US LNG exports face weaker Asia demand


US LNG exporters could face headwinds in 2019 as potentially weaker demand from Asia meets a looming expansion in US liquefaction capacity, keeping the export market under pressure.

With winter prices in Northeast Asia’s premium market now lingering below $10/MMBtu, this year’s peak-demand season is already raising alarms for exporters.

In recent winters, the Platts JKM has experienced its strongest prices of the year from December to February. Last year, the index averaged $10.35/MMBtu over the three-month period.

This year, though, a combination of factors has conspired to keep winter prices lower. Market participants and analysts alike are expecting that trend to continue well into 2019.

Beyond the winter months, JKM swaps markets are now pricing second-quarter cargoes in the low-$8s/MMBtu, and third-quarter supply in the upper-$7s/MMBtu.


In the prompt market, mild weather in Northeast Asia is to blame, at least in part, for weaker prices. In Japan, warmer temperatures last month cut imports by 12% compared to November 2017, according to import data compiled by S&P Global Platts Analytics.

In China, early season procurement efforts have pushed storage levels to comfortable levels, driving some end-users to defer deliveries while others have opted instead to resell their cargoes.

A longer-term trend could already be at work, though.

In Japan, the recent restart of Shikoku Electric Power Company’s 890-MW Ikata-3 reactor in late October marks the fifth nuclear reactor to be restarted this year alone.

In 2019, Kansai Electric Power Co. has targeted the Takahama No. 1 and Takahama No. 2 reactors for restart. Another four nuclear reactors separately owned by Kansai Electric, Tokyo Electric Power Co. and Japan Atomic Power Co. have already been approved for restart by Japan’s Nuclear Regulatory Agency.

According to Platts Analytics, those restarts will result in a measureable cut to LNG demand from Japan, with continued demand growth from China now expected to keep Northeast Asian demand roughly flat, at best.


Further dampening the outlook for US exports to Asia are LNG-chartering rates that recently hit record highs in both the Atlantic and Asia Pacific basins.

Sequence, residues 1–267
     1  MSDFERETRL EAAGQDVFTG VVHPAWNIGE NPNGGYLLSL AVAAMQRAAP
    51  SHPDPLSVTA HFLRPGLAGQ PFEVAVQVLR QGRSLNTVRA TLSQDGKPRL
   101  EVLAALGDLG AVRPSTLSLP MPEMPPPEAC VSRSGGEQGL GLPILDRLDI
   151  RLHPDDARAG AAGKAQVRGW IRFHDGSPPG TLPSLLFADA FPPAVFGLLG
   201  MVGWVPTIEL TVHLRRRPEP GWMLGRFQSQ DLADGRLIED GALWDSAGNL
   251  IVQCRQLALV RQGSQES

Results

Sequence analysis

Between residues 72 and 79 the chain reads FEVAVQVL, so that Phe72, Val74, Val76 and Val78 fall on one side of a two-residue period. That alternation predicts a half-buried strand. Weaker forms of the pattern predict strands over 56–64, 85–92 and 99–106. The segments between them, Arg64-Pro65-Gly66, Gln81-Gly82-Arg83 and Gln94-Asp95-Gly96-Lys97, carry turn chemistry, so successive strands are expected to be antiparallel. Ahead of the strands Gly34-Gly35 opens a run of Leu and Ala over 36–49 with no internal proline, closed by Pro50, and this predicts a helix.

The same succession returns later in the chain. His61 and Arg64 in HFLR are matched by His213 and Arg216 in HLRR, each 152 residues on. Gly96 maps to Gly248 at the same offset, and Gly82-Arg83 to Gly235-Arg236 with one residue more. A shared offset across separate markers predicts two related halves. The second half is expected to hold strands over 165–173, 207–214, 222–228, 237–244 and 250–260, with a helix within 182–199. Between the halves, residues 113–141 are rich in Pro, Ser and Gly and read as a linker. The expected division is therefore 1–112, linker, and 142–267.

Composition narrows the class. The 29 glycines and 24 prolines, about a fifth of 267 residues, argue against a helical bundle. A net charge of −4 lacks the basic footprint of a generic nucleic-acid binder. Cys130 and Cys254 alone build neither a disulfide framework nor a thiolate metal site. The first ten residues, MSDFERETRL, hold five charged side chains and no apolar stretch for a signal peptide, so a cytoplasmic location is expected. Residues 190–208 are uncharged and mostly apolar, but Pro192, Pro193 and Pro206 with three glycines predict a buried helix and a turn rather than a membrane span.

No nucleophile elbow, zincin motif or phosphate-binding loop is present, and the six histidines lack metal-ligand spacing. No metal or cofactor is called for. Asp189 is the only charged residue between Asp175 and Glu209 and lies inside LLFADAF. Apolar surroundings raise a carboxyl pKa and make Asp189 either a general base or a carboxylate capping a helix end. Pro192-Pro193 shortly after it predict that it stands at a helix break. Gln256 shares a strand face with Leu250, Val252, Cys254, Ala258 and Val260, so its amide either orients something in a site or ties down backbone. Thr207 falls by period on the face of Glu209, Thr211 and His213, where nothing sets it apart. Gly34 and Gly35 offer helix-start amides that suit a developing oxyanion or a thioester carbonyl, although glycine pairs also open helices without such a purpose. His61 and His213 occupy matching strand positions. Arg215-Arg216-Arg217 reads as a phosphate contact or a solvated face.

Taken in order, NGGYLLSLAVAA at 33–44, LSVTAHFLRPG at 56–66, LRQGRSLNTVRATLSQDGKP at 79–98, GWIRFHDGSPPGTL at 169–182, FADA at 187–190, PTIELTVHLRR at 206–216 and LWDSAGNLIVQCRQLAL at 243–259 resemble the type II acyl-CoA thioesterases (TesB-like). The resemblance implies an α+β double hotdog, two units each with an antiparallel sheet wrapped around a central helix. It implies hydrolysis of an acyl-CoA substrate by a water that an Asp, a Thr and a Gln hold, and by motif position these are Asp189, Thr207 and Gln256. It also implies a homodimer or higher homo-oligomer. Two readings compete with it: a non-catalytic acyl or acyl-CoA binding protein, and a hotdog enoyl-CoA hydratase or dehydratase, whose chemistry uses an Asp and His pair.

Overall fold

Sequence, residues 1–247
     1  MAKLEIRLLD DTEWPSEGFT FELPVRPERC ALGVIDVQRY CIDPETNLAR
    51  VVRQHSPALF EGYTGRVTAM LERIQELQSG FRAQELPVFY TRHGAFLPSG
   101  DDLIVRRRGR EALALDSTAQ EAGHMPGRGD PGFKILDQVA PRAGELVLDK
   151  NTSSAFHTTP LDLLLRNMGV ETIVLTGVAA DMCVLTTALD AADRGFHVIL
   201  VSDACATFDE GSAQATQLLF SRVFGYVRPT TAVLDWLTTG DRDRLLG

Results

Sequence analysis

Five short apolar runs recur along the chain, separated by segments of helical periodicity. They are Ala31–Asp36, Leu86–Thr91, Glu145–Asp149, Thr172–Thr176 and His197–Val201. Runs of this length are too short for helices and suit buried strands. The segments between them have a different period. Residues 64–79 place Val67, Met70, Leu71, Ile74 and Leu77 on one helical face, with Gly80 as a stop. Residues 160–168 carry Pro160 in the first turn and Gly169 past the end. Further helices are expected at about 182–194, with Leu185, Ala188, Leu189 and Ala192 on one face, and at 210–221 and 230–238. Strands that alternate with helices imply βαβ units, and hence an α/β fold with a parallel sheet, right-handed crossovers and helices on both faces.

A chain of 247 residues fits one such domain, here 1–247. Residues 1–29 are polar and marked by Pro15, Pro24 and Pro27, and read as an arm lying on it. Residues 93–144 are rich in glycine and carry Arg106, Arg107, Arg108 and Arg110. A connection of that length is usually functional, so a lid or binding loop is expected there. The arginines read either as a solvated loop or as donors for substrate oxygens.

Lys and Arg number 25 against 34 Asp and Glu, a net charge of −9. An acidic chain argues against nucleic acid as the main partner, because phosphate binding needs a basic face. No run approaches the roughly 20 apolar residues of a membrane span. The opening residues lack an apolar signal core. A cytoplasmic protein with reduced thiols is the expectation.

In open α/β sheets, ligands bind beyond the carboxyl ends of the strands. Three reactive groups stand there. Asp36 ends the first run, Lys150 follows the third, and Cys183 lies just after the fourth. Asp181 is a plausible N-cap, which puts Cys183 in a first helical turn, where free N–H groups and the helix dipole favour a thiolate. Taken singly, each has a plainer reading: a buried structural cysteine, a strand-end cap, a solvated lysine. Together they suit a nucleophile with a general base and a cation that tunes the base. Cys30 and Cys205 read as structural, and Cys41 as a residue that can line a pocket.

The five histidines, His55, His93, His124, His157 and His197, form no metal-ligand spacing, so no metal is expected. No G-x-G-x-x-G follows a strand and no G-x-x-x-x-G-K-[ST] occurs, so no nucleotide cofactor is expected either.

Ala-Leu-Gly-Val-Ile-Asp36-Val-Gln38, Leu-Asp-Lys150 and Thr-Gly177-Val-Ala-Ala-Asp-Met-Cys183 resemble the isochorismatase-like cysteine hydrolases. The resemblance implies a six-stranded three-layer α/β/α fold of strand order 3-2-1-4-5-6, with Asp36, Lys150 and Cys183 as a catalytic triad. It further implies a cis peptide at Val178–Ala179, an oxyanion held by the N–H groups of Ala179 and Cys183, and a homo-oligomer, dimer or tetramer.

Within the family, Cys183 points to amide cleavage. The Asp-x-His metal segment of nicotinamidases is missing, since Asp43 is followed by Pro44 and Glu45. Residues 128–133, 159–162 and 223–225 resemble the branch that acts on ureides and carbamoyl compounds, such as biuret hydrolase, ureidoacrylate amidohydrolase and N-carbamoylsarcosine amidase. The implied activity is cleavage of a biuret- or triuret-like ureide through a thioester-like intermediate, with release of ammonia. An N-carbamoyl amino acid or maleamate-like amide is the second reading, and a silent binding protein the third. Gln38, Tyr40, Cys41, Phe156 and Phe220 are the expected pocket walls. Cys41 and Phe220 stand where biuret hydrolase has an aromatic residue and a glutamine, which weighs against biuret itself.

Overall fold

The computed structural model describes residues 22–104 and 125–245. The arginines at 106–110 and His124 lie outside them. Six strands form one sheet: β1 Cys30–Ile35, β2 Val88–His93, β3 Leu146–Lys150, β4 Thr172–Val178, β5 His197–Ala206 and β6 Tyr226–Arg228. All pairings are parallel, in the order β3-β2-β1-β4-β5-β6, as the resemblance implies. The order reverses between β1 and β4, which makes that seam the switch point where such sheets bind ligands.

For a US Gulf Coast exporter, those rates equate to a shipping cost at nearly $2.60/MMBtu to Japan/Korea and about $3.10/MMBtu to South China or Taiwan.

In combination with elevated US onshore gas prices, which have only recently fallen back below $4/MMBtu, the margin on US exports to Asia has narrowed significantly in recent weeks.

According to Platts Analytics, the profit margin on a US cargo shipped to the JKM market now stands at less than $2/MMBtu, including the cost of feedstock gas, onshore transport, freight and shipping fees. US CAPACITY

Just as Northeast Asia’s appetite for LNG cools, and the shipping market tightens, US exporters are now facing a steep ramp-up in competition from export projects cropping up along US shores.

Already this December, liquefaction activity at Cheniere Energy’s Corpus Christi LNG export terminal has begun, with production from the company’s Sabine Pass Train 5 likely to follow by early next year.

According to a Platts Analytics forecast, the Corpus Christ terminal should have its second train operational by August. At Cameron LNG, Train 1 should be online by April, followed by Train 2 in October. Freeport LNG is expected to have its first train operational by late third quarter.

Including demand from the small-scale Elba Island terminal in Georgia, US feedgas consumption is expected to grow by 4 Bcf/d in 2019 as US exporters begin to compete in earnest for export market share, shipping capacity and access to the increasingly transited Panama Canal.


Tightening competition and potentially narrower margins in 2019 could keep US LNG exports closer to home as offtakers target markets within the Atlantic Basin.

According to Platts Analytics, US exports are more likely to target Europe’s continental gas markets next year, including the British NBP and Dutch TTF — but those efforts could face headwinds, too.

Europe’s LNG hubs are already discounted to onshore gas as a growing number of Atlantic Basin exporters look to offload supply that’s too costly to ship to Asia. In November, LNG regas rates in continental Europe climbed to their highest for a calendar-month period since January 2010.

While importers in Northwest Europe’s two busiest gas markets are widely known for their cargo reloads, it appears that more of those volumes are staying in Europe for now. In November, the total volume regasified surpassed 191 Bcf, which was up 64% on the year, according to data compiled by S&P Global Platts Analytics.

Source: Platts



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